A History of Inner Asia

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Cambridge University Press, Feb 17, 2000 - 369 pages
1 Review
Svat Soucek's book offers a short and accessible introduction to the history of Inner Asia. The narrative, which begins with the arrival of Islam, charts the rise and fall of the different dynasties right up to the Russian conquest. Dynastic tables and maps augment and elucidate the text. The contemporary focus rests on the seven countries which make up the core of present-day Eurasia, that is Uzbekistan, Kazakhstan, Kyrgyzstan, Tajikistan, Turkmenistan, Sinkiang and Mongolia. Since the fall of the Soviet Union in 1991, renewed interest in these countries has prompted considerable political, cultural, economic and religious debate. While a divergent literature has evolved in consequence, no comprehensive survey of the region has been attempted. Soucek's history promises to fill this gap and to become an indispensable source of information for anyone studying or visiting the region.--Publisher description.
 

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Contents

The beginnings
46
The Kok Turks the Chinese expansion and the Arab conquest
51
The Samanids
70
The Uighur kingdom of Qocho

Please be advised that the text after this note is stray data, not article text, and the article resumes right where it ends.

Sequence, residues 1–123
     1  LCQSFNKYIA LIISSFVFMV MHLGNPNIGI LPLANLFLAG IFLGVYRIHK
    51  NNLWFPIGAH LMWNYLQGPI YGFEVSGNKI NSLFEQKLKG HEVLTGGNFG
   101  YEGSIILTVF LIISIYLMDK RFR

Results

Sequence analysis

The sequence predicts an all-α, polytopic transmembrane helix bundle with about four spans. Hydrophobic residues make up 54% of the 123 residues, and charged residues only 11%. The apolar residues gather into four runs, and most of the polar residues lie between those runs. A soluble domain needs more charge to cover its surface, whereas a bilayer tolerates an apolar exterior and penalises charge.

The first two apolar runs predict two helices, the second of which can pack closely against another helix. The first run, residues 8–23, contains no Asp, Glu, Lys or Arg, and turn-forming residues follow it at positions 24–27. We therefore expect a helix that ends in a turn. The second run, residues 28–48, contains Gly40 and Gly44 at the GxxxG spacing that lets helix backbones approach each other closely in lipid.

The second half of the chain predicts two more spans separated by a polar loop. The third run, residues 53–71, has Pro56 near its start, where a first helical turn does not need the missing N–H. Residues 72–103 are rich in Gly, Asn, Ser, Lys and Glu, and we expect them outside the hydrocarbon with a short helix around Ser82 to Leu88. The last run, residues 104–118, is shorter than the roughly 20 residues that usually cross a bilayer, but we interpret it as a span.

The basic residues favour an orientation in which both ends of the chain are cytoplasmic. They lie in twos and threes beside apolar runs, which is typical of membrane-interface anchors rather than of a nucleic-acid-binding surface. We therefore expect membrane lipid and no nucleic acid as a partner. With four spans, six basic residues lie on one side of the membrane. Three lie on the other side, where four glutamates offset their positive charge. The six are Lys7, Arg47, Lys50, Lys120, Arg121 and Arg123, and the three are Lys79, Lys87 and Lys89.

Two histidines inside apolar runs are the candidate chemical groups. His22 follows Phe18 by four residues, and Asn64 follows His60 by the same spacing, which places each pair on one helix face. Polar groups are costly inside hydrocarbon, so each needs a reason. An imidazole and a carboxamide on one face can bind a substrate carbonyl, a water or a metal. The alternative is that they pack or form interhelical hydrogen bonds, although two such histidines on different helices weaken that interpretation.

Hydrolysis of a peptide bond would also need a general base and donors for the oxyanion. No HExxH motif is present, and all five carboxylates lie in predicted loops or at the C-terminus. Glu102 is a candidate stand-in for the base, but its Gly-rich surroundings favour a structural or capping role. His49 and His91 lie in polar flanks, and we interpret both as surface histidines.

77
The Qarakhanids
83
Sejukids and Ghazjiavids
93
The conquering Mongols
103
The Chaghatayids
117
The Russian conquest and rule of Central Asia
195
From GovernoratesGeneral to Union Republics
209
Soviet Central Asia
225
Central Asia becomes independent
254
Sinkiang as part of China
263
Independent Central Asian Republics
275
The Republic of Mongolia
297
Summary and conclusion
303

Timur and the Timurids
123
The last Timurids and the first Uzbeks
144
The Shaybanids
149
The rise of Russia the fall of the Golden Horde and the resilient Chaghatayids
162
The Buddhist Mongols
167
Bukhara Khiva and Khoqand in the seventeenth to nineteenth centuries
177
Dynastic tables
316
Country data
331
Select bibliography
341
Index
360
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Page 346 - England and Russia in Central Asia. With Appendices and Two Maps, one being the latest Russian Official Map of Central Asia. 2 vols. 8vo. 36s.

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